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Einat Rashal, Aline F. Cretenoud, Michael H. Herzog; Perceptual grouping leads to objecthood effects in the Ebbinghaus illusion. Journal of Vision 2020;20(8):11. doi: https://doi.org/10.1167/jov.20.8.11.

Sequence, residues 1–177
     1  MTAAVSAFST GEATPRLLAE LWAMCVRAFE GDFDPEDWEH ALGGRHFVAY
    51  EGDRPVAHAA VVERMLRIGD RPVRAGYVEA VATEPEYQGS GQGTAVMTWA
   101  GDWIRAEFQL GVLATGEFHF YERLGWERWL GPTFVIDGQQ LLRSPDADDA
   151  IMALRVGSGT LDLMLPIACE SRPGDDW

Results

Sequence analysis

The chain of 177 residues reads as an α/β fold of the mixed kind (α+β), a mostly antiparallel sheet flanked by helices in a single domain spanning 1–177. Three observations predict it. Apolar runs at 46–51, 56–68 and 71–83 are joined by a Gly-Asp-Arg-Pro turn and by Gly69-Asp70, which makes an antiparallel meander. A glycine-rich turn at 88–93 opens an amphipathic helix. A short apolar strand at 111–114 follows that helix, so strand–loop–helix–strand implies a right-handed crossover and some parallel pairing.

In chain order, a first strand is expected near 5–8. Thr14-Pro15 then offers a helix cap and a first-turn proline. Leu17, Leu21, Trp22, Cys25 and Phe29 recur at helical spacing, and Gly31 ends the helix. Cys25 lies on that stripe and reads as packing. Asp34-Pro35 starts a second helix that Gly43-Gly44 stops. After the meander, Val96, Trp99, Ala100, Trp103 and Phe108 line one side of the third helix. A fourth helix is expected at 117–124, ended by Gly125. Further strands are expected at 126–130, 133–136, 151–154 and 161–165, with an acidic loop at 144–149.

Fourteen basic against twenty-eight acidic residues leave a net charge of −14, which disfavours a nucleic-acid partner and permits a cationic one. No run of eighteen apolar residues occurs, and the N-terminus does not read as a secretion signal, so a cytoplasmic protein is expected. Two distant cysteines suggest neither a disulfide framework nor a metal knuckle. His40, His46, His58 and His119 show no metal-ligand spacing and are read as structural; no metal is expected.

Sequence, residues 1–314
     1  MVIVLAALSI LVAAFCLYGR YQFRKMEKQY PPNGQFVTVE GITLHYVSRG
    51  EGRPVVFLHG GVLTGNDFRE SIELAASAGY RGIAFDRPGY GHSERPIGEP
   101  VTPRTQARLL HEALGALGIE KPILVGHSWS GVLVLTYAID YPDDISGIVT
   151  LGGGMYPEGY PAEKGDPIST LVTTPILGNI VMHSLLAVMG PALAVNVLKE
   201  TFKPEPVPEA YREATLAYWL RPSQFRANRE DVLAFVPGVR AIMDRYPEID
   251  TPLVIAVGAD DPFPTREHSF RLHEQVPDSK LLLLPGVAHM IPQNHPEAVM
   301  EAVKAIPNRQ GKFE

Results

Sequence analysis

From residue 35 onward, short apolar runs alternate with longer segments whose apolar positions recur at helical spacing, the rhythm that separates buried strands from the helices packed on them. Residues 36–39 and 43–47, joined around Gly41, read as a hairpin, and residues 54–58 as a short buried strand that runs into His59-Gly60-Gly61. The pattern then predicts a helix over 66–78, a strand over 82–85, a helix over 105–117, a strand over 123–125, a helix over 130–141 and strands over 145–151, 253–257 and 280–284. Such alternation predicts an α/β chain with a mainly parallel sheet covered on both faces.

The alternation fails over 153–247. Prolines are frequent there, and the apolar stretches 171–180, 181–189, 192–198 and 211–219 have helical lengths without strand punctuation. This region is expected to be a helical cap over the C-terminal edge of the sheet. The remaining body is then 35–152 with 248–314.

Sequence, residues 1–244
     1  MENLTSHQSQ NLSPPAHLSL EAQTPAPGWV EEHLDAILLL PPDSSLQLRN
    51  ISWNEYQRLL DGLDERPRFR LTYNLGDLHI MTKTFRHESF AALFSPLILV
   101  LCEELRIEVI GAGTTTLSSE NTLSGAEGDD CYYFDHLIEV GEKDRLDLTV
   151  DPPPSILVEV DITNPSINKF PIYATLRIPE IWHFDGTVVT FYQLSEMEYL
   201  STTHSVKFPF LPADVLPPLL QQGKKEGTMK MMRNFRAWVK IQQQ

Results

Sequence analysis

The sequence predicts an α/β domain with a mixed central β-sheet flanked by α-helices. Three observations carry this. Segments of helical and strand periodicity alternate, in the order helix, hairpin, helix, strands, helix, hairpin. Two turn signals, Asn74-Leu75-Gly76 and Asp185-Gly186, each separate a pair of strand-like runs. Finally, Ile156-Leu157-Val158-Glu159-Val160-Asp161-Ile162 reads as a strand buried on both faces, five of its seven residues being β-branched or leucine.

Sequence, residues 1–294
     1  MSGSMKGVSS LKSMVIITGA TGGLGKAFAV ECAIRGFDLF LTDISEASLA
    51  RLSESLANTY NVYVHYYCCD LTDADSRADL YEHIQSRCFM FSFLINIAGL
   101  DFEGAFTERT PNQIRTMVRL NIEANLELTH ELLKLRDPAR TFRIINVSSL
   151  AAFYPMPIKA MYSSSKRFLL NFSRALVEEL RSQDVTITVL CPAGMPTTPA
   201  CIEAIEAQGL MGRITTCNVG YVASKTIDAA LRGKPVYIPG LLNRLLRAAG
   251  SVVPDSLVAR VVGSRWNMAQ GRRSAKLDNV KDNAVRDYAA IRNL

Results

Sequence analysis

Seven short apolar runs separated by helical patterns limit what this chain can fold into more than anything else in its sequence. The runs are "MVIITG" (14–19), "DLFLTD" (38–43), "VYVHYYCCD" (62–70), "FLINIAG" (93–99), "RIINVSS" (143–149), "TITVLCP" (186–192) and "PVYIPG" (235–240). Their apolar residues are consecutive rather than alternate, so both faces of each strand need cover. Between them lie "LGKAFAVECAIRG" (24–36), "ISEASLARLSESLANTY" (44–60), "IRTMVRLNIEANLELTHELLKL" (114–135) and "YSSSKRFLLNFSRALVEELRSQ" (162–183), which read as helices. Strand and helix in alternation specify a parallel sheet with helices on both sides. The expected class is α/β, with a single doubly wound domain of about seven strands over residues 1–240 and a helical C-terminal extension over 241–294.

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The Ebbinghaus illusion is argued to be a product of low-level contour interactions or a higher cognitive comparison process. We examined the effect of grouping on the illusion by manipulating objecthood, i.e., the degree to which an object is a cohesive perceptual entity. We hypothesized that reduced objecthood would decrease the illusion magnitude, because the objects become less efficient in the comparison process. To test this hypothesis, we used a version of the illusion where the target and flanking objects were squares that were composed from their corners or sides. Degree of objecthood was manipulated by changing the gap size or rotation angle of the elements constructing the objects, so that larger gaps and angles produced less cohesive objects than smaller. Participants performed an adjustment procedure on the test target to match a control target in size. In addition, subjective reports of the objects’ shape were collected as a measure of perceived shape. Our results show decreased illusion magnitude with increasing gap size and rotation angle. Surprisingly, the perceived shape of the objects did not correlate with illusion magnitude. These results provide novel evidence of the role of mid-level processes in the Ebbinghaus illusion and point to a dissociation between subjective and objective measures of objecthood.
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